Gateway to the Classics: Wild-Flower Study by Anna Botsford Comstock
Wild-Flower Study by  Anna Botsford Comstock

The Dandelion

Teacher's Story

dropcap image HIS is the most persistent and indomitable of weeds, yet I think the world would be very lonesome without its golden flower-heads and fluffy seed-spheres. Professor Bailey once said that dandelions in his lawn were a great trouble to him until he learned to love them, and then the sight of them gave him keenest pleasure. And Lowell says of this "dear common flower"—

" 'Tis Spring's largess, which she scatters now

To rich and poor alike, with lavish hand;

Though most hearts never understand

To take it at God's value, and pass by

The offered wealth with unrewarded eye."

It is very difficult for us, when we watch the behavior of the dandelions, not to attribute to them thinking power, they have so many ways of getting ahead of us. I always look at a dandelion and talk to it as if it were a real person. One spring when all the vegetables in my garden were callow weaklings, I found there, in their midst, a dandelion rosette with ten great leaves spreading out and completely shading a circle ten inches in diameter; I said, "Look here, Madam, this is my garden!" and I pulled up the squatter. But I could not help paying admiring tribute to the taproot, which lacked only an inch of being a foot in length. It was smooth, whitish, fleshy and, when cut, bled a milky juice showing that it was full of food; and it was as strong from the end-pull as a whipcord; it also had a bunch of rather fine rootlets about an inch below the surface of the soil and an occasional rootlet farther down; and then I said, "Madam, I beg your pardon; I think this was your garden and not mine."

Dandelion leaves afford an excellent study in variation of form. The edges of the leaf are notched in a peculiar way, so that the lobes were, by some one, supposed to look like lions' teeth in profile; thus the plant was called in France "dents-de-lion" (teeth of the lion), and we have made from this the name dandelion. The leaves are so bitter that grazing animals do not like to eat them, and thus the plants are safe even in pastures.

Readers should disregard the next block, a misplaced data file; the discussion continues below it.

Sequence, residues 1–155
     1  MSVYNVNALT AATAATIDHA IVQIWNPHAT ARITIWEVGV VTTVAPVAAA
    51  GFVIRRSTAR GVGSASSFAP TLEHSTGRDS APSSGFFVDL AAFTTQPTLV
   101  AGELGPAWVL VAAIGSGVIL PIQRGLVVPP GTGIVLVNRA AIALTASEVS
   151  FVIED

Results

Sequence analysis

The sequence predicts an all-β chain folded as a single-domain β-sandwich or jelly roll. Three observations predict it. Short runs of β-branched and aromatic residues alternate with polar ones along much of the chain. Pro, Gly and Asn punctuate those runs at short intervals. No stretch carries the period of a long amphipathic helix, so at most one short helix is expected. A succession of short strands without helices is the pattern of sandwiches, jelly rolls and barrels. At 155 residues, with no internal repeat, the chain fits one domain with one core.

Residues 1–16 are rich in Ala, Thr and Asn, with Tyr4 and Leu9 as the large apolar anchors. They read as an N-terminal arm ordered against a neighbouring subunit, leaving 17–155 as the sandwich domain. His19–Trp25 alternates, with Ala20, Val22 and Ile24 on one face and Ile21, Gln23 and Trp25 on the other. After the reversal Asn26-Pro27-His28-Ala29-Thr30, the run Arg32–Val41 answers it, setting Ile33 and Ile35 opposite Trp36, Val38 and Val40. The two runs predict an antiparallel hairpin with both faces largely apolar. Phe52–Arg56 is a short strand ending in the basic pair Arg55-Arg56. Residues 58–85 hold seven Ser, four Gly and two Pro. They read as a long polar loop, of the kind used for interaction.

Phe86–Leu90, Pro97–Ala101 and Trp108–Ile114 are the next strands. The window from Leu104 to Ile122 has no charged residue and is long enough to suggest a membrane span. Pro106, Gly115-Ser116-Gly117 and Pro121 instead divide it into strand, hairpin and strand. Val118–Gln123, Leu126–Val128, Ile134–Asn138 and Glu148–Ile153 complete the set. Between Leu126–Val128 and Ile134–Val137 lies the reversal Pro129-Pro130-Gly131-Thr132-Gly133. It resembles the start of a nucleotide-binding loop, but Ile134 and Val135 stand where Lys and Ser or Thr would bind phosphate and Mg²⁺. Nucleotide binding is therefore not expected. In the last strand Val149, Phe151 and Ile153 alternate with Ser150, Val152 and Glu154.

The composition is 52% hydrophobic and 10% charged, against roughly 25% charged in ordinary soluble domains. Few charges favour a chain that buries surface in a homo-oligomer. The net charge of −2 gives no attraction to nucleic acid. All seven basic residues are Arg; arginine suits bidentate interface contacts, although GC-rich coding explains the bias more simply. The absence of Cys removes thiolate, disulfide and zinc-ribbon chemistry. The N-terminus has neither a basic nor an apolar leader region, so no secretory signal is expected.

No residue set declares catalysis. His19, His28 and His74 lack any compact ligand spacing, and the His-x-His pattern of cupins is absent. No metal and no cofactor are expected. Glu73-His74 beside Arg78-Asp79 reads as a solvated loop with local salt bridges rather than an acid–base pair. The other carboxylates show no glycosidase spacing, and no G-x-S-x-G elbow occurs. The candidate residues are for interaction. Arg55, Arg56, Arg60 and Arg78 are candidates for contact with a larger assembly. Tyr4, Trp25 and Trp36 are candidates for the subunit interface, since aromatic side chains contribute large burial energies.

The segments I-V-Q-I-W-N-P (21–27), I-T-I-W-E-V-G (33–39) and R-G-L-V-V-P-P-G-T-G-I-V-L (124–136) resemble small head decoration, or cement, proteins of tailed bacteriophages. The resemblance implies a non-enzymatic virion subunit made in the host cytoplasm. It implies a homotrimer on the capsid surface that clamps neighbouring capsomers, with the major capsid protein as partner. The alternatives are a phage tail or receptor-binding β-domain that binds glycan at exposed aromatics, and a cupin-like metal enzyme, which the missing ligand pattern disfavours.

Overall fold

The hollow stem of the blossom-head from time immemorial has been a joy to children. It may be made into a trombone, which will give to the enterprising teacher an opportunity for a lesson in the physics of sound, since by varying its length, the pitch is varied. The dandelion-curls, which the little girls enjoy making, offer another lesson in physics—that of surface tension, too difficult for little girls to understand. But the action of this flower stem is what makes the dandelion seem so endowed with acumen. If the plant is in a lawn, the stem is short, indeed so short that the lawn-mower cannot cut off the flower-head. In this situation it will blossom and seed within two inches of the ground; but if the plant is in a meadow or in other high grass, the stem lifts up sometimes two feet or more, so that its blossom may be seen by bees and its seeds be carried off by the breeze without let or hindrance from the grass. We found two such stems each measuring over 30 inches in height.

Before a dandelion head opens, the stem, unless very short, is likely to bend down to protect the young flowers, but the night before it is to bloom it straightens up; after the blossoms have matured it may again bend over, but straightens up when the seeds are to be cast off.

It often requires an hour for a dandelion head to open in the morning and it rarely stays open longer than five or six hours; it may require another hour to close. Usually not more than half the flowers of the head open the first day, and it may require several days for them all to blossom. After they have all bloomed and retired into their green house and put up the shutters, it may take them from one to two weeks to perfect their seeds.

In the life of the flower-head the involucre, or the house in which the flower family lives, plays an important part. The involucral bracts, in the row set next to the flowers, are sufficiently long to cover the unopened flowers; the bracts near the stem are shorter and curl back, making a frill. In the freshly opened flower-head, the buds at the middle all curve slightly toward the center, each bud showing a blunt, five-lobed tip which looks like the tips of five fingers held tightly together. The flowers in the outer row blossom first, straightening back and pushing the banner outward; and now we can see that the five lobes in the bud are the five notches at the end of the banner. All the flowers in the dandelion-head have banners, but those at the center, belonging to the younger flowers, have shorter and darker yellow banners. After a banner is unfurled, there pushes out from its tubular base a darker yellow anther-tube; the five filaments below the tube are visible with a lens. A little later, the stigma-ramrod pushes forth from the tube, its fuzzy sides acting like a brush to bring out all the pollen; later it rises far above the anther-tube and quirls back its stigma-lobes, as if every floret were making a dandelion curl of its own. The lens shows us, below the corolla, the seed. The pappus is not set in a collar upon the dandelion seed, as it is in the aster seed; there is a short stem above the seed which is called the "beak" and the pappus is attached to this.

Every day more blossoms open; but on dark, rainy days and during the night the little green house puts up its shutters around the flower-family, and if the bracts are not wide enough to cover the growing family, the banners of the outer flowers have thick or brownish portions along their lower sides which serve to calk the chinks. It is interesting to watch the dandelion stars close as the night falls, and still more interesting to watch the sleepy-heads awaken long after the sun is up in the morning; they often do not open until eight o'clock. The dandelion flower-families are very economical of their pollen and profuse nectar, and do not expose them until the bees and other insects are abroad ready to make morning calls.